Is there anything Mayim Bialik cannot do? Evidently not! The Jeopardy host, TV star and neuroscience professor (true!) makes her writer-director debut this week with a film that echoes her own family’s struggle with her father’s illness and death. It’s moving stuff; find out what our critics have to say about it, plus all the best new arrivals on Netflix and more. Pass the popcorn!
See why we loved this new film about dealing with a parent’s dementia
As They Made Us, R
Jeopardy and Big Bang Theory star and neuroscience professor Mayim Bialik’s writer-director debut is a very fictionalized version of her own family’s experience of her father's decline and death. Despite awkward plotting, sometimes clunky dialogue and two reconciliation scenes that are unconvincing even if they happened, it has a radiant heart and a sense of deep authenticity that will resonate with anyone who faces such family trauma — that is, most of us. Dustin Hoffman, 84, plays the dad, puckish and funny in flashbacks to middle age, touchingly vulnerable as illness takes hold, yet insisting he’s “fine.” Candice Bergen, 75, is a destructive force of nature as his irascible wife, bickering inseparably with him, in deep denial about his condition, heedlessly offending everyone in her path, and then defiantly saying, “What?” Her lines can have sitcom energy (“We just finally figured out his Lipitor dosage and now he’s going to die? His chiropractor thinks maybe meditation will help”). But the lines in her face eloquently express the bitter grief of a mom who repels everyone she loves most. The young Bergen couldn’t have pulled off such emotional complexity. Their son (Big Bang Theory star Simon Helberg, who knows Bialik’s real-life story well) won’t talk to his impossible folks for years. Realistically, it’s left to the daughter (Glee star Dianna Agron), a divorced mom with kids and work woes, to somehow rescue everybody. It’s a film packed with home truths, sometimes wordless — like a scene of Hoffman and Bergen in a non-dish-smashing moment, a sweet, frail dance in the living room. —Tim Appelo (T.A.)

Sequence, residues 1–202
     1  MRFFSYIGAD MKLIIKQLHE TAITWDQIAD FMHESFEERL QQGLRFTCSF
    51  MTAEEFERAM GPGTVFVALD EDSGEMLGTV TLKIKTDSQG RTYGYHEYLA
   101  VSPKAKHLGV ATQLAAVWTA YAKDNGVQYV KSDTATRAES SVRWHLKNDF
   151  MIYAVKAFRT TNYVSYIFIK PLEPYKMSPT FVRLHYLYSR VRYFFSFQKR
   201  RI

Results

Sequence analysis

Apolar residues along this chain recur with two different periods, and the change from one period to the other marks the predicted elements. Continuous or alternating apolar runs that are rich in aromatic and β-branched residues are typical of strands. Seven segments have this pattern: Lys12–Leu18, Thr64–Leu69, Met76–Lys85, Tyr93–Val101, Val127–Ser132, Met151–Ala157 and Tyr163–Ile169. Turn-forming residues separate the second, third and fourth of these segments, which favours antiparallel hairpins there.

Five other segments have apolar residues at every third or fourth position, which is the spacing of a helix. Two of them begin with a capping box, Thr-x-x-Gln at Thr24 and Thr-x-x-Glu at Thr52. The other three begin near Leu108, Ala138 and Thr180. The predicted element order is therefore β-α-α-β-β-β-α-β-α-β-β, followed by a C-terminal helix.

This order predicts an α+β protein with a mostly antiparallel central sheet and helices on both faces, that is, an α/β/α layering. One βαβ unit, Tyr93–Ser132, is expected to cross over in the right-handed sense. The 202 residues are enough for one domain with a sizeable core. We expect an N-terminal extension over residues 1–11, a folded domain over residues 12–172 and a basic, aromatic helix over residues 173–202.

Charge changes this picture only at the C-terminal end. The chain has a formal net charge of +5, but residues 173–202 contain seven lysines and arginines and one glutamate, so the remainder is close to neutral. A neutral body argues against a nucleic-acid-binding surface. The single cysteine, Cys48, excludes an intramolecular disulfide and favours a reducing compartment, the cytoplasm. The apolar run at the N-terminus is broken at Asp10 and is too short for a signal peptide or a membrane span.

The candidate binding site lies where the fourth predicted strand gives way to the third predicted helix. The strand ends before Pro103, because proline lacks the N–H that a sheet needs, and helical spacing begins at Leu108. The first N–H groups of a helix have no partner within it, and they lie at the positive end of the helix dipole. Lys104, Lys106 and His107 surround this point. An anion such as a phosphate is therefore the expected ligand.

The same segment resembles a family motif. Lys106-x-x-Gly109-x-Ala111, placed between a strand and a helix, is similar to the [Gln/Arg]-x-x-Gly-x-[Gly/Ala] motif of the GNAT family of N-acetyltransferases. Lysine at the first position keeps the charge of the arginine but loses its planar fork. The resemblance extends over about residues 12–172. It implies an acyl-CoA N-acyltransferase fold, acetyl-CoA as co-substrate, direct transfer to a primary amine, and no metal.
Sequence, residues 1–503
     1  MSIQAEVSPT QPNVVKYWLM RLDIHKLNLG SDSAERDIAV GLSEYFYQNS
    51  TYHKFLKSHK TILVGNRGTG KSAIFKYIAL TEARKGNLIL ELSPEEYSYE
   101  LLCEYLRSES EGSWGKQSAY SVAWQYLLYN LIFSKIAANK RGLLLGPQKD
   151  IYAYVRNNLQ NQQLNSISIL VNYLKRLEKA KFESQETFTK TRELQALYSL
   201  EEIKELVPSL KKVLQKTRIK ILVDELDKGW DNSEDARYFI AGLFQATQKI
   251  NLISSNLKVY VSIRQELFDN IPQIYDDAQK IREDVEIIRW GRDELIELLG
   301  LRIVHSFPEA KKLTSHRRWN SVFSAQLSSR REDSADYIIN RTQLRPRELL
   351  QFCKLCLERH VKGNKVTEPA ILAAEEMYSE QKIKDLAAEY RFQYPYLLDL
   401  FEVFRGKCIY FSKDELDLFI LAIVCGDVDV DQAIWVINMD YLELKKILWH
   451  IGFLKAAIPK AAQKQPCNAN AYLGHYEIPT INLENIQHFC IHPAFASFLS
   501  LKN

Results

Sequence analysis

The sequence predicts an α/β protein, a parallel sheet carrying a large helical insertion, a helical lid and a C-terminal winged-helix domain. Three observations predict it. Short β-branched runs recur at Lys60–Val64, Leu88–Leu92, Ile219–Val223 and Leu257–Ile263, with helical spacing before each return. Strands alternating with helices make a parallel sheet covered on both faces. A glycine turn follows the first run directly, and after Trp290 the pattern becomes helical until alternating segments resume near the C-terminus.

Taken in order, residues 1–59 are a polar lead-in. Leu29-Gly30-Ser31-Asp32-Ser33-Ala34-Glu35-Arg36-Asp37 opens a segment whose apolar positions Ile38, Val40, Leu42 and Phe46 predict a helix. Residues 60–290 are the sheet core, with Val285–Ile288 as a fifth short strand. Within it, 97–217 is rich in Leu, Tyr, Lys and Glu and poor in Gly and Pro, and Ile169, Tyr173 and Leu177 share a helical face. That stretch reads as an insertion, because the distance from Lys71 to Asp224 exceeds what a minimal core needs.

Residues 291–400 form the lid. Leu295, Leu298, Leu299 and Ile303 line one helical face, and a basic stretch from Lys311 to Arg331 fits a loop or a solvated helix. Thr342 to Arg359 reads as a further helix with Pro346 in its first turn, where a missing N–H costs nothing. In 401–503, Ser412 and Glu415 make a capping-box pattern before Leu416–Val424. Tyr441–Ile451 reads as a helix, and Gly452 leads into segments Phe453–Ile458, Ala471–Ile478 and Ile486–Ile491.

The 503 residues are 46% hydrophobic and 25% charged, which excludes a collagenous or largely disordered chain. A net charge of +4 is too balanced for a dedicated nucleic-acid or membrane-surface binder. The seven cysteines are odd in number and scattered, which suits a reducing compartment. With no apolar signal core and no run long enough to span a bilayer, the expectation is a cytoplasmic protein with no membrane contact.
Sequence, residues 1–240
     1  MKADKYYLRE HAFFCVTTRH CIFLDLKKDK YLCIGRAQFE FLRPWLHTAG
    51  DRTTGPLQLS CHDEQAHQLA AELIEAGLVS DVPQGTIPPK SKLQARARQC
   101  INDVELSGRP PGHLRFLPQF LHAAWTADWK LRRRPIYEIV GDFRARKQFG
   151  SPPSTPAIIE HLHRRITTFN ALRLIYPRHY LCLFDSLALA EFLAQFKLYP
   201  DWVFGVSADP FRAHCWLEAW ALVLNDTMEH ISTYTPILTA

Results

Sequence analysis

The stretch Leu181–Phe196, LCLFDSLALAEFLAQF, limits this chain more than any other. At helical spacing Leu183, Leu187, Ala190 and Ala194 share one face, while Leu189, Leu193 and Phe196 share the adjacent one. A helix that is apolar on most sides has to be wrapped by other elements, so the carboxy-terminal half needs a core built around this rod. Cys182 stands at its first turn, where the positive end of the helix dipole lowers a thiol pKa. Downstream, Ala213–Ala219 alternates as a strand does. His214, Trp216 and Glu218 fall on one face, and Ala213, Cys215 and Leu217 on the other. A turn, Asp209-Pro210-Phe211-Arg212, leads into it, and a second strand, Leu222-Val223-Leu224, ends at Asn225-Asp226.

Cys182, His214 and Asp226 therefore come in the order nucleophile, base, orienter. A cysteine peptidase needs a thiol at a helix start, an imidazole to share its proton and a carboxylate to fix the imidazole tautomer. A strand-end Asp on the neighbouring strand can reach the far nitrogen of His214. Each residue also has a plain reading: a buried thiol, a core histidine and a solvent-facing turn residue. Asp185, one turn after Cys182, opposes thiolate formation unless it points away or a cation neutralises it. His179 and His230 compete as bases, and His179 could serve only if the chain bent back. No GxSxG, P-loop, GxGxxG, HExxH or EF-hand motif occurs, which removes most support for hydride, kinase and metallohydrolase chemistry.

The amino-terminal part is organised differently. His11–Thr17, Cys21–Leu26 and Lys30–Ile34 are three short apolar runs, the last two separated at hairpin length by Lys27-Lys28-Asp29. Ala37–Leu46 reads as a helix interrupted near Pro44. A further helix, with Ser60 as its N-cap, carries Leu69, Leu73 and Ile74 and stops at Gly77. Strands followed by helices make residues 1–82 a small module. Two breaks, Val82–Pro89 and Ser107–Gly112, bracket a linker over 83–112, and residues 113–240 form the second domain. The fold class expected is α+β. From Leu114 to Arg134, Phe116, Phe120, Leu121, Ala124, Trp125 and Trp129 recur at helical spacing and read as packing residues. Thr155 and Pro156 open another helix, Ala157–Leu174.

Join today and save 25% off the standard annual rate. Get instant access to discounts, programs, services, and the information you need to benefit every area of your life.
Your Netflix watch of the week is here!
Our Great National Parks
Sure, Barack Obama could lead a nation — but how did he do as producer/narrator of a nature docuseries from the executive producer of Blue Planet II?
Watch it: Our Great National Parks, on Netflix
It’s April. Do you know what’s coming to Netflix?
Good thing our critics know! They keep a close eye on the best films and shows arriving – and leaving – the massive streaming platform so you don’t miss a thing. Get your new watch list for the month, hot off the presses, and mark your calendars now. No fooling!